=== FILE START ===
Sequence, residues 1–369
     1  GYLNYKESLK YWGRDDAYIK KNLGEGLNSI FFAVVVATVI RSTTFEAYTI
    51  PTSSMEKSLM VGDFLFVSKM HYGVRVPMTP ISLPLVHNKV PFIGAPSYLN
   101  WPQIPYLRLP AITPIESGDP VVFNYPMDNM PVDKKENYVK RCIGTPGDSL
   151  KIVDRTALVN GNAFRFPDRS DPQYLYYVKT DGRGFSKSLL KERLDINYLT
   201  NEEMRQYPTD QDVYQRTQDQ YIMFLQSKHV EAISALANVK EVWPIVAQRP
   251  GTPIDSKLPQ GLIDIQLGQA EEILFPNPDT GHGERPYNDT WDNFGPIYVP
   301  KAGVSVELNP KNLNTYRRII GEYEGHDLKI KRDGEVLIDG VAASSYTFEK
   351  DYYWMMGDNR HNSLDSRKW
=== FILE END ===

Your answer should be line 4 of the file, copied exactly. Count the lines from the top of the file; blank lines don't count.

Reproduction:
   101  WPQIPYLRLP AITPIESGDP VVFNYPMDNM PVDKKENYVK RCIGTPGDSL